Having a mortgage balance is something you get used to. You signed up for 15 or 30 years of payments, after all. If you stick the defined payment plan you will eventually pay off the mortgage balance, but through the process you will normally pay enough in interest to buy your house again. So using a long term mortgage means you essentially buy your house twice.

The last time I checked most people spent well into the six figure range on their home, so buying it twice is even more costly.

Thankfully you do not have to be stuck sending in just your monthly payment to the lender each month. You can make additional payments along the way to pay down the balance faster.

On the other hand some argue that the extra money you send to your mortgage company would be better invested elsewhere. When you pay extra on the principal balance of your mortgage you are making an investment decision to take a stated rate of return versus an unknown return investing it elsewhere.

Which is better?

Should I Invest or Pay Off My Mortgage?

Whether or not you should pay down your mortgage faster or using that money for other investment purposes depends on how risk-averse you are and what assumptions you make on the return you would get from investing the cash elsewhere.

Investment Return Assumptions

There are two investment return calculations you must know before deciding to pay down your mortgage of investment the money elsewhere.

First, you must know how much return you will get from paying off your mortgage. Thankfully this one is easy; just look at the interest rate on your mortgage loan. If your interest rate is 3.50% over 30 years, then every dollar you pay off on the mortgage will generate a 3.50% return for you today.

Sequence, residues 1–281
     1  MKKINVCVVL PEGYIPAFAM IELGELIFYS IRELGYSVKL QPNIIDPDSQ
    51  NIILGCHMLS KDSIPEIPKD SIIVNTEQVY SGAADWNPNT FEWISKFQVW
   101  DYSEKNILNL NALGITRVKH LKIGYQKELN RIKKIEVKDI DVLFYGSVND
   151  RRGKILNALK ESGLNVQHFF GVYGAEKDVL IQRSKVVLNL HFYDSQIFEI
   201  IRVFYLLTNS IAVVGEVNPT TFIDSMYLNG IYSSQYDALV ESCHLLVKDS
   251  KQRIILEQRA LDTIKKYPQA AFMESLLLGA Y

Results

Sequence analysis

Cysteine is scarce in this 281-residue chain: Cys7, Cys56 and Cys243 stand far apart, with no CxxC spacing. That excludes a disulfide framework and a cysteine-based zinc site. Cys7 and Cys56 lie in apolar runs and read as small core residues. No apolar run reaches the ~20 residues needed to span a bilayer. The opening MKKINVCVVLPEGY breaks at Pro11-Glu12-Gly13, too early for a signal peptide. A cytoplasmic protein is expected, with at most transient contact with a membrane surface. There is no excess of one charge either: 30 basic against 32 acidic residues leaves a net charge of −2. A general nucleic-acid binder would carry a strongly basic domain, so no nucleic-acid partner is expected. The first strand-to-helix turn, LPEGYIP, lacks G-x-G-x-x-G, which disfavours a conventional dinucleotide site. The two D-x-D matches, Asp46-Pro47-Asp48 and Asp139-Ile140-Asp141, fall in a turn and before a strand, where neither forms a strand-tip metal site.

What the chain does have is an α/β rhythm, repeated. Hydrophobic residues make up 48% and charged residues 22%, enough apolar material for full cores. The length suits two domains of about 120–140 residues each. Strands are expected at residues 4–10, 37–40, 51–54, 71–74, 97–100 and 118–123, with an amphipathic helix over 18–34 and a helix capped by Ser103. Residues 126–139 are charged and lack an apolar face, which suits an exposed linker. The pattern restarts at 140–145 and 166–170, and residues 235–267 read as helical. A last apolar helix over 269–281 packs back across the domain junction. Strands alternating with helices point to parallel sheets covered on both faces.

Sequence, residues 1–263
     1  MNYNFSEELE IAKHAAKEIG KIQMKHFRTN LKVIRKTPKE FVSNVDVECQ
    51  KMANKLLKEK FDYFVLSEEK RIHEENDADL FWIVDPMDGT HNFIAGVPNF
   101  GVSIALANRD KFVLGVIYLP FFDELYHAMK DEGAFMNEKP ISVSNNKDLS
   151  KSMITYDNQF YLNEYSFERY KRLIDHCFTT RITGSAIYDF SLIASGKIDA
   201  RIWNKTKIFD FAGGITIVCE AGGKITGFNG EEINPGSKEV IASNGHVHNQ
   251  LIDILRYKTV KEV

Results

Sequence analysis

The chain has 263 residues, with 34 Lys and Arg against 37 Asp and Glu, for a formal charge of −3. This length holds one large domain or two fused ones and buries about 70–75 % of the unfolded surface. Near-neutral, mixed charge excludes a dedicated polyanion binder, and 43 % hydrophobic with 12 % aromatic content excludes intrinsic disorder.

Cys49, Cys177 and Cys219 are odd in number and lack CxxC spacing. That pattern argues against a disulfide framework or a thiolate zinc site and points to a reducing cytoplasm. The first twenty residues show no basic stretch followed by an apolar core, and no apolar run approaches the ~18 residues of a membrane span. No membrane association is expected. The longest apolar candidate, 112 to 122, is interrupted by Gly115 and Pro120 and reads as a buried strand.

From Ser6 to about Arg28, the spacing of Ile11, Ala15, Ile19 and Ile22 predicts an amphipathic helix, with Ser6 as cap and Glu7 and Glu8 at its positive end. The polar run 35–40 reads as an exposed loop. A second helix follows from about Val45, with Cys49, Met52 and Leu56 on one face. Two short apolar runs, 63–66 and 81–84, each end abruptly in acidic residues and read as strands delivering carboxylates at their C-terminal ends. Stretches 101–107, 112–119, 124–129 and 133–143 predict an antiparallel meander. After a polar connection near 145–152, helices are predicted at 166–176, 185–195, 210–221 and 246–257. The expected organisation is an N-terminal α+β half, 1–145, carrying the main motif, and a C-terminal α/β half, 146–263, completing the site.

The second assumption is more tricky. If you decide to invest the money elsewhere, what kind of return can you expect? Obviously for it to be worthwhile it would need to be above your current mortgage rate and then some to justify not paying off your mortgage.

So what kind of investment return assumptions can we make? Let’s look at some data.

  • The S&P 500 (and S&P 90 that came before the 500) has averaged about 9.7% annual returns from 1926 to 2011. (Source)
  • However, the annual return each year for the last 10 years has been volatile and historically low:
    • 2002: -22.10%
    • 2003: 28.69%
    • 2004: 10.88%
    • 2005: 4.91%
    • 2006: 15.79%
    • 2007: 5.49%
    • 2008: -37.00%
    • 2009: 26.46%
    • 2010: 15.06%
    • 2011: 2.05%
    • If you put the money in for investment just for one year, then 7 of the last 10 years would have been winners for you. Yet we rarely invest just for one year, and then even if you did there is a 20% chance you got crushed in the market and a 10% chance you had a positive return that was less than your mortgage amount.
  • The 5 year annualized return from 2007 to 2011 was a whopping -0.25%.